Arthritis and Takayasu's Arteritis
What Causes Takayasu's Arteritis?
The exact cause of Takayasu's arteritis is unknown.
Who Gets Takayasu's Arteritis?
Takayasu's arteritis most often affects young Asian women, but it also can affect children and adults of all ages and ethnic backgrounds. At diagnosis, Takayasu's arteritis patients often are between the ages of 15 and 35.
Every year in the U.S., two to three people are diagnosed with Takayasu's arteritis for every one million Americans.
How Is Takayasu's Arteritis Diagnosed?
The diagnosis of Takayasu's arteritis is based on a combination of factors, including:
- A complete medical history and careful physical exam to exclude other illnesses that may have similar symptoms
- Imaging studies (such as MRI, X-rays, and angiograms), which show location and severity of vessel damage
- Presence of a bruit. Significant narrowing of blood vessels may result in turbulent blood flow through the narrowed area that creates an unusual sound called a "bruit."
Note: With most other forms of vasculitis, a biopsy (tissue sample) of the affected area confirms the presence of blood vessel inflammation. A biopsy is most appropriate when easily accessible areas, such as the skin, are affected. However, when large blood vessels are affected, a biopsy is often not practical because of the risks associated with surgery.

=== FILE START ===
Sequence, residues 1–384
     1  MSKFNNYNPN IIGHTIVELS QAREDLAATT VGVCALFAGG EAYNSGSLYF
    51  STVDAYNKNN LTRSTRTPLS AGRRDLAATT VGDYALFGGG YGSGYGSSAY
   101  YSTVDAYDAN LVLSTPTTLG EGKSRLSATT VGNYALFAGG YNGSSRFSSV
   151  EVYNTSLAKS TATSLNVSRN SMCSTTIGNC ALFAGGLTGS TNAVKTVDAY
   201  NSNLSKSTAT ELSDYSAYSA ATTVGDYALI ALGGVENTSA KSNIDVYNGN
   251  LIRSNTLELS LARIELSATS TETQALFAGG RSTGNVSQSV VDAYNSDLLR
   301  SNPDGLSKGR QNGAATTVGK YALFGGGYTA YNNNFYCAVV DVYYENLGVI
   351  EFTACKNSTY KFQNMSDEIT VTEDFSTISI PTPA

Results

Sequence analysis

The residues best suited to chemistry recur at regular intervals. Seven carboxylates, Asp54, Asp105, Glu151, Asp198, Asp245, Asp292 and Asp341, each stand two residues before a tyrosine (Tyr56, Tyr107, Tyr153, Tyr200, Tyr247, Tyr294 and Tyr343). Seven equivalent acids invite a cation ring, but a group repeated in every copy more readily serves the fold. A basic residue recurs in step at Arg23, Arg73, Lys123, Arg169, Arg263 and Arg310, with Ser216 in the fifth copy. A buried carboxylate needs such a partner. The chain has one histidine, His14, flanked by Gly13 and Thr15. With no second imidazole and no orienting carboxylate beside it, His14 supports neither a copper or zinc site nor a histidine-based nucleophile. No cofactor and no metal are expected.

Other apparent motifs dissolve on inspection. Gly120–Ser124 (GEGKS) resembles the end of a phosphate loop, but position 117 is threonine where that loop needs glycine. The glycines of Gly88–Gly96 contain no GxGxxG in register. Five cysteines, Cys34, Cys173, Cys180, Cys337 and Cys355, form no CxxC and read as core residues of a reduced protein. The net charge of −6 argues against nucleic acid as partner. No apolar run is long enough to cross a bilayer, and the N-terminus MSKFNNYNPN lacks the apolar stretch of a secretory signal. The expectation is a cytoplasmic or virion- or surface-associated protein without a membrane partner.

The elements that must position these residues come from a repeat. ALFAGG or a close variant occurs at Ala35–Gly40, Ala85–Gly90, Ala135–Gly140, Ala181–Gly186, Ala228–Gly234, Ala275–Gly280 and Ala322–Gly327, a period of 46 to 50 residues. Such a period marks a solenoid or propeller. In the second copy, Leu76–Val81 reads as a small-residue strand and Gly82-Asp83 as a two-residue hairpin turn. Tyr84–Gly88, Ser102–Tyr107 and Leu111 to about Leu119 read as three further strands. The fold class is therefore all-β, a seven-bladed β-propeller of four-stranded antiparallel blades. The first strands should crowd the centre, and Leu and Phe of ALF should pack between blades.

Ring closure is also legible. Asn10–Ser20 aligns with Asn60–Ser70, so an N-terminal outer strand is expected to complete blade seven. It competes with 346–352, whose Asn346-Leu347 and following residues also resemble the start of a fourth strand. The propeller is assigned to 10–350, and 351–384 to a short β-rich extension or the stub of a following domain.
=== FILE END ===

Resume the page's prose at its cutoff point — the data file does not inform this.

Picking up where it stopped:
How Is Takayasu's Arteritis Treated?
Corticosteroids -- often called simply "steroids" -- are the most common treatment for Takayasu's arteritis. Steroids work within hours after the first dose is given. While this drug often is dramatically effective, it may be only partially effective for some people.
Once it is apparent that the disease is under control, doctors slowly reduce the dosage of prednisone (a steroid) to sustain improvement, thereby trying to minimize treatment side effects. In some people, it is possible to gradually discontinue medication without a relapse.
As the dosage of prednisone is gradually reduced, about half of all patients will have recurrent symptoms or progression of illness. This has led researchers to explore additional treatments to produce remission. Among medications that have been tried, with varying degrees of success, are immunosuppressive drugs such as methotrexate.
When these drugs are added to prednisone to treat Takayasu's arteritis, 50% of patients who had previously relapsed will achieve remission and be able to gradually discontinue prednisone. Overall, about 25% of patients will have disease that is not entirely controlled without continued use of these treatments. This emphasizes the need for continuing research to identify better and less toxic treatments for Takayasu's arteritis and other forms of vasculitis.
Many patients with Takayasu's arteritis have high blood pressure. Careful control of blood pressure is very important. Inadequate treatment of high blood pressure may result in stroke, heart disease, or kidney failure. In some cases, it is desirable to stretch narrow vessel openings with a balloon (a technique known as "angioplasty") or to do a bypass operation to restore normal flow to the kidney. This may result in normal blood pressure without the need to use blood pressure drugs.
Some patients may have serious disabilities because of narrowed blood vessels that supply other sites, such as the arms or legs. Bypass operations may correct these abnormalities. Aneurysms also can be surgically repaired.